The News Causes Profound Sorrow at the Russian Embassy.

Washington, Nov. 1. -- The announcement of the Czar’s death brought profound grief to the Russian legation at Washington. Official word came late in the afternoon in the following cable from the Minister of Foreign Affairs:

St. Petersburg, November 1.

It has pleased our Lord to recall to him our most beloved sovereign, Emperor Alexander III. He died at Livadia this afternoon, 20th October (1st November at U.S.A.).


The Minister communicated the information to the State Department, but owing to the absence at the time from the city of the President, who was squirrel shooting, it is probable the message of sympathy and condolence from President Cleveland will not be sent until to-morrow.

Prince Cantacuzene said that history in time would pay its just tribute to the merits of Alexander III. He had given Russia what she most needed -- peace and quiet. For ten years there had been nothing heard of the nihilists except in the inspired attacks of malicious persons. The Emperor had gone freely among the people unguarded and unattended. He was in the habit of driving with the Czarina in a sleigh through the public streets. The sentiment of affection of the Russian people toward the Emperor constituted a protection much stronger than police protection could afford. The previous Emperor had been guarded by the police and yet he had met assassination, while the late Emperor moved openly among his people until he died, to their universal grief.

It is not yet determined whether religious ceremonies will he held in Washington in commemoration of the Czar. There is no Greek church here, and the one at New York is not connected with the established church of Russia. At San Francisco Bishop Nicholas is at the head of the Greek church diocese of Alaska. At the time Alaska was owned by Russia the Greek church was established there, and since the purchase of the country by the United States the many Russians there have continued their devotion to that church. It is probable that Minister Cantacuzene may ask Bishop Nicholas to come to Washington and hold memorial services similar to those held on the death of President Carnot, but there is some doubt as to the Bishop's taking the long trip.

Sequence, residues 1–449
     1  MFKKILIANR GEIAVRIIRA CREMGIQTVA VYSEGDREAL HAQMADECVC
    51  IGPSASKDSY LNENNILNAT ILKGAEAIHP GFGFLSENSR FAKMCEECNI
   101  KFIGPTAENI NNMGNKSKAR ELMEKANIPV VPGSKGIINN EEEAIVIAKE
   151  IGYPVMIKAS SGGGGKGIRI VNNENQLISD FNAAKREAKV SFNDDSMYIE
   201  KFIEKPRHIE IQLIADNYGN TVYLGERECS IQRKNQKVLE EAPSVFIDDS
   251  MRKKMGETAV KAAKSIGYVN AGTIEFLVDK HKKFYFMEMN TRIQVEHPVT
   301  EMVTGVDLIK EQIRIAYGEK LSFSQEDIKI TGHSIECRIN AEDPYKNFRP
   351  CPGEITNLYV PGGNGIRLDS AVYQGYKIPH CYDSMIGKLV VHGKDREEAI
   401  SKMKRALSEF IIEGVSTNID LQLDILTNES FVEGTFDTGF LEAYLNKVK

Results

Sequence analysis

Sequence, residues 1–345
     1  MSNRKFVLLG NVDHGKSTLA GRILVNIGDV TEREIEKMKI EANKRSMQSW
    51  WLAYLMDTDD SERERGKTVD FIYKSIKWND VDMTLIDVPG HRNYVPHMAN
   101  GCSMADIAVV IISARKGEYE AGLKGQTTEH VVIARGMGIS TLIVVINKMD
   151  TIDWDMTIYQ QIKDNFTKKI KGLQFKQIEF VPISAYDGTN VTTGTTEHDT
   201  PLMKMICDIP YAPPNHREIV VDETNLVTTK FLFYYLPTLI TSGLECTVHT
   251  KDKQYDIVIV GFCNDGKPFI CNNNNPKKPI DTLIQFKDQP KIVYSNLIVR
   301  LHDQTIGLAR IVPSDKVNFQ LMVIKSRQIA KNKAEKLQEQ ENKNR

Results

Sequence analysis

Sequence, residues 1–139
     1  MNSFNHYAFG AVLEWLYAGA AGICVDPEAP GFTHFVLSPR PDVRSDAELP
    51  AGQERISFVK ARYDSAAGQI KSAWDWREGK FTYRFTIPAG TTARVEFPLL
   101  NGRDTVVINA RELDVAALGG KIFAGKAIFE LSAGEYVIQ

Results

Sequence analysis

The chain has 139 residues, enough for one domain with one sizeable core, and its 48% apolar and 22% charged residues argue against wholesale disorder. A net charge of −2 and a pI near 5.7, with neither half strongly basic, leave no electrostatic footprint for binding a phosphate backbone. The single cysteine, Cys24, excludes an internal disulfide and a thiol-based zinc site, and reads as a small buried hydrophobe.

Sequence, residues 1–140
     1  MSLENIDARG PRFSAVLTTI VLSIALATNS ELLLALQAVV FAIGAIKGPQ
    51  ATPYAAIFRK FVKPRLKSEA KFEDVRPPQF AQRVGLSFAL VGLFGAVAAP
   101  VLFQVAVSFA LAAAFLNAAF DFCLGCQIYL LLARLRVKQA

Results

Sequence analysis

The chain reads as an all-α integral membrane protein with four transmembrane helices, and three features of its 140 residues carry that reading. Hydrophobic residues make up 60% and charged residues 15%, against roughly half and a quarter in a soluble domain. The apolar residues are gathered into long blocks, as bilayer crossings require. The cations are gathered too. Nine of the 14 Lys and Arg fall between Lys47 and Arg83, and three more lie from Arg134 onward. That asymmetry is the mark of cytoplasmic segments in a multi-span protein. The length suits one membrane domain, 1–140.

Embassador Patenotre of France paid a high tribute to the late Czar, whom he described as the warm friend of France, whose people would feel his loss almost as much as the Russians. Mr. Patenotre is acting dean of the diplomatic corps, but he says there will be no formalities observed by the diplomatic corps beyond calling and expressing sympathy to the Minister.

Upon receipt of the official notification of the Czar’s death Mr. McAdee, Second Assistant Secretary of State, Acting Secretary in the illness of Secretary Gresham, called upon Prince Cantacuzene and conveyed verbally to him the condolence of the President and the Secretary of State. A formal letter of condolence from Secretary Gresham will be sent to him later. The members of the diplomatic corps all called and left their cards at the Russian Legation to-day. The only visitor received there this evening was Assistant Secretary McAdee.

Prince Cantacuzene has telegraphed to Bishop Nicholas of the Greek church of Alaska to inquire if he can come to Washington and hold a memorial service to the Czar. No reply has been received from him, and it is not definitely known whether he is in San Francisco or Chicago. It is proposed to hold the memorial service at the Russian Legation, as there is no Greek church in Washington.

The Morning Call [San Francisco], Friday Morning, November 2, 1894, p. 1.

Reprinted in the Holy Trinity Cathedral LIFE, Vol. 2, No. 3, November 1994